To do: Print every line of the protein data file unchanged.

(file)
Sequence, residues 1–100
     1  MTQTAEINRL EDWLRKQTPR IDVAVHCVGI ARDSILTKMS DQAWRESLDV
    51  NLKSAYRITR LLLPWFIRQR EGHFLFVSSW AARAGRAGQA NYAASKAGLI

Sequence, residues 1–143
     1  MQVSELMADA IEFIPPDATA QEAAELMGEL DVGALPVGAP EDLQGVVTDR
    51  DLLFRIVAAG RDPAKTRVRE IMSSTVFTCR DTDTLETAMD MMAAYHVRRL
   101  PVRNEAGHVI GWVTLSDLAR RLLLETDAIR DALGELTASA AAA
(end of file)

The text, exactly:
Sequence, residues 1–100
     1  MTQTAEINRL EDWLRKQTPR IDVAVHCVGI ARDSILTKMS DQAWRESLDV
    51  NLKSAYRITR LLLPWFIRQR EGHFLFVSSW AARAGRAGQA NYAASKAGLI

Sequence, residues 1–143
     1  MQVSELMADA IEFIPPDATA QEAAELMGEL DVGALPVGAP EDLQGVVTDR
    51  DLLFRIVAAG RDPAKTRVRE IMSSTVFTCR DTDTLETAMD MMAAYHVRRL
   101  PVRNEAGHVI GWVTLSDLAR RLLLETDAIR DALGELTASA AAA